My favourite parable in The Bible has always been the one about two sons (Matthew 21:28-32).
The parable tells of how their father asked his sons to go and work in his vineyard. The first one says no, but later on he changes his mind and goes. The second son readily says that he will go, but never goes. I can remember how surprised I was when I read in verse 31 that it was actually the first son who had obeyed his father! My young mind couldn't understand how his response translated to obedience. He had blatantly told his father that he wouldn't go to the vineyard to work.
But I had missed the point: in the end, he is the one who did exactly what his father had asked him to do.
I first heard this parable when I was very young (I can't even remember exactly how old I was), and even though I didn't understand why, it resonated with me even then. It's one of those stories that has stuck with me throughout my life.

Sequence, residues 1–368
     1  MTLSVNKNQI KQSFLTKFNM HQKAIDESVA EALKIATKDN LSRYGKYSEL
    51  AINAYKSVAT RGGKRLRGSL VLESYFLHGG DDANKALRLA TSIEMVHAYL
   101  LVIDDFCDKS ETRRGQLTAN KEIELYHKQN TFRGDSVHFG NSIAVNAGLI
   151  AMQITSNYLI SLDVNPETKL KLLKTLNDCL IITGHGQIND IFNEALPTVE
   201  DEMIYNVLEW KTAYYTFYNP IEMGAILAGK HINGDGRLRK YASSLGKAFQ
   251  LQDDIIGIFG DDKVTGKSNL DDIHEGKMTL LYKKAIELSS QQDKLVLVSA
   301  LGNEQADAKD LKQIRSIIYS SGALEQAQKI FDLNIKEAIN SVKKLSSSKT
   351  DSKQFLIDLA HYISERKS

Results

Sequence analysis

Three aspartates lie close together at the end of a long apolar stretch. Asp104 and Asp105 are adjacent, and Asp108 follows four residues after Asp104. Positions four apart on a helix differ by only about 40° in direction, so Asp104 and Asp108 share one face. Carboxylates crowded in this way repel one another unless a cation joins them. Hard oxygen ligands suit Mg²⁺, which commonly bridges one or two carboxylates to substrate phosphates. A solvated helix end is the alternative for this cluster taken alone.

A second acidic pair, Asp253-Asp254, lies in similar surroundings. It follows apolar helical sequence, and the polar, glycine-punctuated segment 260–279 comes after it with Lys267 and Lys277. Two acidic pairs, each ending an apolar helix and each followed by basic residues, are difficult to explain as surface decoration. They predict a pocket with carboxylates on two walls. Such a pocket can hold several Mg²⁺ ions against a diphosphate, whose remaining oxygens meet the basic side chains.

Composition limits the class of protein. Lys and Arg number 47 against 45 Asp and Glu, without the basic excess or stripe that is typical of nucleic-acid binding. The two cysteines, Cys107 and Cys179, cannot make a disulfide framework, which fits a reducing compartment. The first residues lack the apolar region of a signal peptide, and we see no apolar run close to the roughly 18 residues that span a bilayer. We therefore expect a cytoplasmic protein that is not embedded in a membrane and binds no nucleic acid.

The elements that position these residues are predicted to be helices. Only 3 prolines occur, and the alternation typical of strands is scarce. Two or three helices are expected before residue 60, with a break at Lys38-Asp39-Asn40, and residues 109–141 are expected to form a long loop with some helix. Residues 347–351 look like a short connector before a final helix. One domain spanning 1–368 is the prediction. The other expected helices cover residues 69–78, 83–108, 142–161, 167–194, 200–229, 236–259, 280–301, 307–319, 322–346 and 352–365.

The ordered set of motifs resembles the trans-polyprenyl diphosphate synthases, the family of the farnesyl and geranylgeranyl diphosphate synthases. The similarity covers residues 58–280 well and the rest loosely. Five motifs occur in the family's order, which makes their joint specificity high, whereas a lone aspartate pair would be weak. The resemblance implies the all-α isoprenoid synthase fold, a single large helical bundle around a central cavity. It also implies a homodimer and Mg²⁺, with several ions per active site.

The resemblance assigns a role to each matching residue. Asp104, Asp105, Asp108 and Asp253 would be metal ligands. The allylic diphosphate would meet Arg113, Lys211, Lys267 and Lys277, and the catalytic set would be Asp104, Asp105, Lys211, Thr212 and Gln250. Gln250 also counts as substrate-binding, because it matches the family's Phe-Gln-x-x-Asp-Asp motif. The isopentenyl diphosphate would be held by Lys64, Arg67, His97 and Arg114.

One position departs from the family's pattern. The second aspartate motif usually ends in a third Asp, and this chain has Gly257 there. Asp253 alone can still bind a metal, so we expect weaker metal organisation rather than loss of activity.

It's only now that I realize why it spoke and still speaks to me so much. I have been in both the first son's and the second son's shoes. Many a time I have said to someone, "We should definitely try out that restaurant one day", or "We should definitely hang out soon". And I assumed that, because this person knew that it's something I wanted to do with them, I didn't really have to follow through. Their knowing that I wanted to do it was enough.
As the saying goes, 'It's the thought that counts, right?'
A friend busted a myth for me not so long ago, and that was when I realized that there are so many of them going around that over the years, we have come to believe them to be truths. Well, allow me to bust another myth for you: The thought doesn't count if it doesn't translate to action.
If we're honest with ourselves, we'll admit that when we actually want to do something, we simply do it. Anything less than that is proof that we either don't want to do it - or can't - and, therefore, shouldn't be giving people the impression that we can and will.
The parable I mentioned above highlights this point beautifully. It's unclear why the second son didn't honour his word to his father. But what is clear is that he shouldn't have given his father the impression that he'd work in his vineyard when he wasn't going to.
It's also unclear why the first son said that he wouldn't work in his father's vineyard. But it's clear that he felt differently about it later and went to work in the vineyard.
In conclusion, we can learn something from both sons. We should only make promises that we mean to keep - or not make promises at all.